If you really want to parliament there is already a channel and iplayer if you need to catch up

I can't see why that would cost more than parliament repeats
They own the copyright in many cases but by no means all. Many productions are made by outside companies and pitched to the BBC; they fund production and get first run but they don't buy or own outright. Even in cases where they do fully own the copyright in the recording they often need permission from the performers, possibly also the scriptwriter, who are entitled to repeat fees.

You don't have to pay a newsreader extra for broadcasting them on two channels simultaneously and you don't have to pay MPs anything.
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Old 28-08-2016, 18:15   #10
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Re: BBC Parliament coming to BBC2.

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Originally Posted by Chris View Post
They own the copyright in many cases but by no means all. Many productions are made by outside companies and pitched to the BBC; they fund production and get first run but they don't buy or own outright. Even in cases where they do fully own the copyright in the recording they often need permission from the performers, possibly also the scriptwriter, who are entitled to repeat fees.

You don't have to pay a newsreader extra for broadcasting them on two channels simultaneously and you don't have to pay MPs anything.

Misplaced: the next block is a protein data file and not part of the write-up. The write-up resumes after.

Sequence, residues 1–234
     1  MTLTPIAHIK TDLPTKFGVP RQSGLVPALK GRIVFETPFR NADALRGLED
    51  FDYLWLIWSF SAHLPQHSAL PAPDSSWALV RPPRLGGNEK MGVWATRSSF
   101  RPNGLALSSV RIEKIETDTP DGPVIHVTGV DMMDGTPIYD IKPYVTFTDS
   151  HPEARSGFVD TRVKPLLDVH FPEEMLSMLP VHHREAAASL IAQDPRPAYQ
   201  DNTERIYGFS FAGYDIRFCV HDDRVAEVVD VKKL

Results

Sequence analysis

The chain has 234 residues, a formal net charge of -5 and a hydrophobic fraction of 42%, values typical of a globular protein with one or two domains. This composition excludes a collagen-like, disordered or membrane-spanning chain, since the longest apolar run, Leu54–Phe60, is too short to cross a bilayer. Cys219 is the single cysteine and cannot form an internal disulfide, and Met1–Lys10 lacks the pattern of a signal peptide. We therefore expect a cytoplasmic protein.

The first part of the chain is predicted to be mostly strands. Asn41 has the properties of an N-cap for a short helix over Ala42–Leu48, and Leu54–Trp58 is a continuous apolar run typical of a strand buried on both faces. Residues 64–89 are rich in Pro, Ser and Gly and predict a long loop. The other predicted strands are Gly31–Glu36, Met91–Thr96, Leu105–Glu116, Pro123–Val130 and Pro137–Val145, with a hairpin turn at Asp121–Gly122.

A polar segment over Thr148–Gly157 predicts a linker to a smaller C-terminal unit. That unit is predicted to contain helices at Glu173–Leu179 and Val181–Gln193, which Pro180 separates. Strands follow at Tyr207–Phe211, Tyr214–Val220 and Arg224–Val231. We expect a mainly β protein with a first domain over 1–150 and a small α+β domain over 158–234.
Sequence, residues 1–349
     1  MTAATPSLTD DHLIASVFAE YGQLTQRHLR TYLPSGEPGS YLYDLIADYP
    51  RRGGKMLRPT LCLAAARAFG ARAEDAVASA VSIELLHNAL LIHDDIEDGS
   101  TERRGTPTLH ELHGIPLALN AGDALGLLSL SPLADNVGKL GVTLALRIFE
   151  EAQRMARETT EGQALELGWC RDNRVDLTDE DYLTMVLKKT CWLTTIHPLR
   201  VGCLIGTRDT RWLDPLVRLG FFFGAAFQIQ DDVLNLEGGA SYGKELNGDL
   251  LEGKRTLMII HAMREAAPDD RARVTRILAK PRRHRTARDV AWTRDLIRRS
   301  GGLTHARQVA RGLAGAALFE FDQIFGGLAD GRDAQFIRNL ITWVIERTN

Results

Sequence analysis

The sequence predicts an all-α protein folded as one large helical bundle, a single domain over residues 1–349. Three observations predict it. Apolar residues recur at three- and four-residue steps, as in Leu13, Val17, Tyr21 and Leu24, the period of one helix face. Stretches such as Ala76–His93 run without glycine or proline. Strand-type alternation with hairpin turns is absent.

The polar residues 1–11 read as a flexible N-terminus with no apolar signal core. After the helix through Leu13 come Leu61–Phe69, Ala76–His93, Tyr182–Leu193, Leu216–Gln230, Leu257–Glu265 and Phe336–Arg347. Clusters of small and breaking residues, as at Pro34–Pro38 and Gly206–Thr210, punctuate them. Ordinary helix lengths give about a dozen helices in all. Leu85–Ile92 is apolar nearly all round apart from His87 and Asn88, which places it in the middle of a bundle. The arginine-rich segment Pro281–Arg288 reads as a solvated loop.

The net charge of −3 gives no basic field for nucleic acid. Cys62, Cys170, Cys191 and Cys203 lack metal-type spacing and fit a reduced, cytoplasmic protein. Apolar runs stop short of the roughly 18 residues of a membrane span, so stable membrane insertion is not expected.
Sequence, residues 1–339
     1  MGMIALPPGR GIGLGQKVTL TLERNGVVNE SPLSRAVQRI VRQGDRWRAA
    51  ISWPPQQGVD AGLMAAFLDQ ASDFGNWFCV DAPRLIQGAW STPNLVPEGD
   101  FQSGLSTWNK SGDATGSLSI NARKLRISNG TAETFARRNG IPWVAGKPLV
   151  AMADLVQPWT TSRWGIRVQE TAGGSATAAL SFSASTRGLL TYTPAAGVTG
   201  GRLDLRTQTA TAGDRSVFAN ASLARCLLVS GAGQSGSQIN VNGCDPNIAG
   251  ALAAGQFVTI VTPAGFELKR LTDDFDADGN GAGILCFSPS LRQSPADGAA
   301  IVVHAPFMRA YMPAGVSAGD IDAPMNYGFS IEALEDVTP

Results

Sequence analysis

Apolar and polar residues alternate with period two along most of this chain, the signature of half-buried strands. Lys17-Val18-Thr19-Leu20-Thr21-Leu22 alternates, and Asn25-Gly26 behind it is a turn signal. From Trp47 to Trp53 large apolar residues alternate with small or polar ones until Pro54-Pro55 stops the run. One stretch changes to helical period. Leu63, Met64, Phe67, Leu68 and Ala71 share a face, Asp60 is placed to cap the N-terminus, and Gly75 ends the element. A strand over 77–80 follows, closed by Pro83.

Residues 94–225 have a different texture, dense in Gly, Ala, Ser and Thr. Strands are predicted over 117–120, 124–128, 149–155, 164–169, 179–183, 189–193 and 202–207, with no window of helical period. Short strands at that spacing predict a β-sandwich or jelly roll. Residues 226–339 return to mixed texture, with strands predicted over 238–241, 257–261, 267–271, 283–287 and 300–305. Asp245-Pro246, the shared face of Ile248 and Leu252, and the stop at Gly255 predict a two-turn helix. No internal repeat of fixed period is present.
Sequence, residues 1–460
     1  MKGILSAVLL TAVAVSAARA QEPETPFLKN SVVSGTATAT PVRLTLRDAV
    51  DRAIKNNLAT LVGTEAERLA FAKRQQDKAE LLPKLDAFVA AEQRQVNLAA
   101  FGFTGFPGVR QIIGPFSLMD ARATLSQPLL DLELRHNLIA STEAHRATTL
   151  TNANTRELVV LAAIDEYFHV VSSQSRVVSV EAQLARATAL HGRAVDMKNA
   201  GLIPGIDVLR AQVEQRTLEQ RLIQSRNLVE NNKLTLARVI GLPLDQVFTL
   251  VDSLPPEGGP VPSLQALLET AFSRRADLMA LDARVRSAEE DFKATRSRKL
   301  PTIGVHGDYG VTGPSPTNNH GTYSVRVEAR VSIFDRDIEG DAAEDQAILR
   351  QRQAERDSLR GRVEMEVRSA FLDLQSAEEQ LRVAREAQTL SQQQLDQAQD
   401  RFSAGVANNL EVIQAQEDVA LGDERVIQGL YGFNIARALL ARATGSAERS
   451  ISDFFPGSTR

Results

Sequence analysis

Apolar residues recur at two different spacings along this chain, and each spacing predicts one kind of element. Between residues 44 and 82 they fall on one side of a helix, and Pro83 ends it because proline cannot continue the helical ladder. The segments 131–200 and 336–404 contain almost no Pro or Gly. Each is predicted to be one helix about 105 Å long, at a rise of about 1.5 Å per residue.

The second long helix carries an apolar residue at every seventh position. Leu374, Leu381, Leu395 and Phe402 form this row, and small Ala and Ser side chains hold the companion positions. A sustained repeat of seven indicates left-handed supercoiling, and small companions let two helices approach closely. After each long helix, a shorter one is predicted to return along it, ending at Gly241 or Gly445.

Thanks for the clarity
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Old 28-08-2016, 23:47   #11
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Re: BBC Parliament coming to BBC2.

Quote:
Originally Posted by Chris View Post
They own the copyright in many cases but by no means all. Many productions are made by outside companies and pitched to the BBC; they fund production and get first run but they don't buy or own outright. Even in cases where they do fully own the copyright in the recording they often need permission from the performers, possibly also the scriptwriter, who are entitled to repeat fees.

You don't have to pay a newsreader extra for broadcasting them on two channels simultaneously and you don't have to pay MPs anything.
H'mm... maybe the second showing could be covered in the contracts. I don't really think this is an insluable problem, if indeed it is a problem.
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Old 29-08-2016, 08:18   #12
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Re: BBC Parliament coming to BBC2.